After 10 long long months of waiting to get the go-ahead to publicise this, I’m pleased to be able to share that I am now the Fulbright Scottish Studies Scholar! This announcement is the culmination of nearly 18 months of blood, sweat and tears, with application deadlines, interview stress, visa worries, and a whole host of other unmentionables. Yesterday, I returned from a three-day orientation in London where our status as Fulbrighters was confirmed and we were told that we could share the news with all and sundry. I’ve wanted to blog about this for ages but because there were so many steps where we could fall down and the award be retracted (for various reasons, including not being approved by the Washington D.C. Fulbright Board, not getting approved for a visa, etc etc), we were told to hold fast and announce it once all the paperwork was signed off.

So, from September 2012, I’ll be heading off to the exotic climes of the University of Pittsburgh, PA where I’ll be working on turning the thesis into a book (or as I’m calling it, thesis 2.0), and the edited volume on sociolinguistics in Scotland. And brilliantly, UoP is where Scott Kiesling (my external examiner for my thesis) works, so I’ll be able to pick his brains about issues to do with language and masculinity, which is very exciting.

I have plans to write up a bunch of stuff over the next year or so, including application and interview process, what to expect at orientation, visa issues, culture shock, the book writing process, and the Fulbright experience more generally, some of which I wasn’t able to find out about elsewhere on the internet. I’ll try and keep a focus on the ‘sociolinguistics’ side of the blog, but there will also be a fair smattering of other stuff going in as well.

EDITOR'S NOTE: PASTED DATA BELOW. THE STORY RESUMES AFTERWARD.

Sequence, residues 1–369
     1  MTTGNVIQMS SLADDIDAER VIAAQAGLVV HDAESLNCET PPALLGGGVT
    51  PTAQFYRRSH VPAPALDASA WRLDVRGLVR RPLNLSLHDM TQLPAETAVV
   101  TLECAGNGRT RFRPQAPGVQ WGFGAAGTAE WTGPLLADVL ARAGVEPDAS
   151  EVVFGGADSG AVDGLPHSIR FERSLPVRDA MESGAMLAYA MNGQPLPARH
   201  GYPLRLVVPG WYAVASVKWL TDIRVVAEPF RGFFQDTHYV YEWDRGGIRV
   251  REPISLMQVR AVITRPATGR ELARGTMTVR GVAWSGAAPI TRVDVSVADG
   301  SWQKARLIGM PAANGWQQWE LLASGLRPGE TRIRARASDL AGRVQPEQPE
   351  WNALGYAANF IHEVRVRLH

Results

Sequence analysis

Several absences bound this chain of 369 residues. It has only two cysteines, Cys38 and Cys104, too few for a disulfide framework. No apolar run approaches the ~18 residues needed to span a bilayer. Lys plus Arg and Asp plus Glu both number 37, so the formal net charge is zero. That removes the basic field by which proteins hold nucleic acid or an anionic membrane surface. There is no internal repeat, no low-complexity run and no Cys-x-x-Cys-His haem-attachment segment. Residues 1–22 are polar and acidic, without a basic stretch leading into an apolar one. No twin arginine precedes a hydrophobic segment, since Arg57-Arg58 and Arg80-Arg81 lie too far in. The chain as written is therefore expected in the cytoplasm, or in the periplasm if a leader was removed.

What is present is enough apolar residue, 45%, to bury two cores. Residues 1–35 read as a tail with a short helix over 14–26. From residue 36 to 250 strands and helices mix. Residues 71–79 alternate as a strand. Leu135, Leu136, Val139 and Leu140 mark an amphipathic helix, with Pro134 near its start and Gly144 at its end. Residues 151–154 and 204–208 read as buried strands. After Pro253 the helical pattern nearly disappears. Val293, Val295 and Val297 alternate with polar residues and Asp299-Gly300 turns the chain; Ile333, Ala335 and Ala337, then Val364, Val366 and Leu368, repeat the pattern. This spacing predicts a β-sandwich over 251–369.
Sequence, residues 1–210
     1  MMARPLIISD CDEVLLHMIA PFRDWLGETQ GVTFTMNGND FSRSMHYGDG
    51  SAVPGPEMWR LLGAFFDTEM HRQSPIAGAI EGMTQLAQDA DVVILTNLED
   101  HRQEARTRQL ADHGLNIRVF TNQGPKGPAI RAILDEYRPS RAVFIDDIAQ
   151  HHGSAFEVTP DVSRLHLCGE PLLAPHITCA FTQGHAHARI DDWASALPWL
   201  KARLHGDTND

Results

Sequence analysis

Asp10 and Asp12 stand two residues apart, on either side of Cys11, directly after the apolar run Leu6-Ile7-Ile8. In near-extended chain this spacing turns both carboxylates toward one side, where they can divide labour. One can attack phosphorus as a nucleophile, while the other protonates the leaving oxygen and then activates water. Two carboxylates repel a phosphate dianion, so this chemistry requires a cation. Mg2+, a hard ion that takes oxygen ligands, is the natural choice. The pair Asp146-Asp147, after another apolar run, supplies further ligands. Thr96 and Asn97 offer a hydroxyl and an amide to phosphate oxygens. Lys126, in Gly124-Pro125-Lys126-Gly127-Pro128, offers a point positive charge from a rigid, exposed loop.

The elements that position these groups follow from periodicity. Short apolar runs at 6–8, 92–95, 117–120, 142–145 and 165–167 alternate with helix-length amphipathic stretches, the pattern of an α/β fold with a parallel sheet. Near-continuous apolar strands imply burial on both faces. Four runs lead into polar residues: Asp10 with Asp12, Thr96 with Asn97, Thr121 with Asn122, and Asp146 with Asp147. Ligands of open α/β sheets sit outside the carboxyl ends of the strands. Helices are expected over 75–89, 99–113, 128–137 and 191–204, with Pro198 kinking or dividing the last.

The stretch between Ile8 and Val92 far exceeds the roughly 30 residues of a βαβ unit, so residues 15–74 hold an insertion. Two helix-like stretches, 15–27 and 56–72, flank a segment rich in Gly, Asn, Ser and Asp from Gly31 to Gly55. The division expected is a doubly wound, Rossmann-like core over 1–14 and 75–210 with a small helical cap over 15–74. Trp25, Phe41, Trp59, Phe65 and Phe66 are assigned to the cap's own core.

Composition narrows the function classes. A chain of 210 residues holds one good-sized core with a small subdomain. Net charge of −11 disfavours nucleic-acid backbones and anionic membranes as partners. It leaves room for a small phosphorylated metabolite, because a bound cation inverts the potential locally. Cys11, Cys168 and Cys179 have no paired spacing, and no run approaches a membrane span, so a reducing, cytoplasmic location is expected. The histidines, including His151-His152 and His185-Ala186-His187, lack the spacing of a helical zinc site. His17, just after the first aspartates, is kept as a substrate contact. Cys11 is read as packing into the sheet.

While what I’m about to say is normally reserved for the acknowledgements page, I’d just like to take this opportunity to publicly thank a few people who helped out with putting together the application form, preparing for the interview and generally keeping me on the straight and narrow as I went through the Fulbright process.

First off, Professor Fiona Robertson helped out with reading a draft of my application and offered some important guidance on writing for a non-specialised audience. This made me refine my thoughts and work on how to communicate my ideas to people outside sociolinguistics, and her guidance definitely helped me get past the first round.

Second, Mel Moore was key in helping me put together the teaching side of my application. He also did a bunch of mock interviews with me (and was very professional in doing so!), read my application more times than he probably would have liked to, and generally cajoled, encouraged and motivated me to keep on going. The application was definitely stronger for his input and I am immeasurably grateful for both his help and his friendship.

I don’t think that words will suffice to thank the last person on this list, my girlfriend, Rebecca Hering. From persuading me to apply in the first place, to being by my side every step of the way, to patiently listening to me go through (for the umpteenth time) my mock interview answers, to keeping me smiling when I thought that my chances were hopeless, she has been an inspiration and a constant source of love and support. This award is as much hers as it is mine.